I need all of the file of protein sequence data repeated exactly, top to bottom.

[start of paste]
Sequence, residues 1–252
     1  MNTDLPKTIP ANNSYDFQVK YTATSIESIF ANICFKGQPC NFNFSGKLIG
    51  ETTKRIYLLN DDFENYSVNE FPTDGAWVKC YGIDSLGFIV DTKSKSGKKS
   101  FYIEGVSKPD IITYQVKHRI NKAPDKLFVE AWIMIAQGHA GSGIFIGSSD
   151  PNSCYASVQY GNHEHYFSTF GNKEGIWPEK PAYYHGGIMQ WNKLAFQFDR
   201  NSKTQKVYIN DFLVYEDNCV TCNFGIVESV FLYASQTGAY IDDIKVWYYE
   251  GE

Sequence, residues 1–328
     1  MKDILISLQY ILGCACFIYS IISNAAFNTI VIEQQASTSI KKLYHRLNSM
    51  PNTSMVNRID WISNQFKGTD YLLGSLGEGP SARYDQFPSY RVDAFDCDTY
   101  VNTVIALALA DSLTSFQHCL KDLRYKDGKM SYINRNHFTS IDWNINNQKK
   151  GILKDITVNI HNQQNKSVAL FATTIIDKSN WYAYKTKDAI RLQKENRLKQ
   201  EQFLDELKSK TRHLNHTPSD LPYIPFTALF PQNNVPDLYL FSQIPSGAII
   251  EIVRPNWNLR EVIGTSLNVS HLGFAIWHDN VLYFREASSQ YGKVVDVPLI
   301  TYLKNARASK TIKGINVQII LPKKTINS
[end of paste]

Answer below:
Sequence, residues 1–252
     1  MNTDLPKTIP ANNSYDFQVK YTATSIESIF ANICFKGQPC NFNFSGKLIG
    51  ETTKRIYLLN DDFENYSVNE FPTDGAWVKC YGIDSLGFIV DTKSKSGKKS
   101  FYIEGVSKPD IITYQVKHRI NKAPDKLFVE AWIMIAQGHA GSGIFIGSSD
   151  PNSCYASVQY GNHEHYFSTF GNKEGIWPEK PAYYHGGIMQ WNKLAFQFDR
   201  NSKTQKVYIN DFLVYEDNCV TCNFGIVESV FLYASQTGAY IDDIKVWYYE
   251  GE

Sequence, residues 1–328
     1  MKDILISLQY ILGCACFIYS IISNAAFNTI VIEQQASTSI KKLYHRLNSM
    51  PNTSMVNRID WISNQFKGTD YLLGSLGEGP SARYDQFPSY RVDAFDCDTY
   101  VNTVIALALA DSLTSFQHCL KDLRYKDGKM SYINRNHFTS IDWNINNQKK
   151  GILKDITVNI HNQQNKSVAL FATTIIDKSN WYAYKTKDAI RLQKENRLKQ
   201  EQFLDELKSK TRHLNHTPSD LPYIPFTALF PQNNVPDLYL FSQIPSGAII
   251  EIVRPNWNLR EVIGTSLNVS HLGFAIWHDN VLYFREASSQ YGKVVDVPLI
   301  TYLKNARASK TIKGINVQII LPKKTINS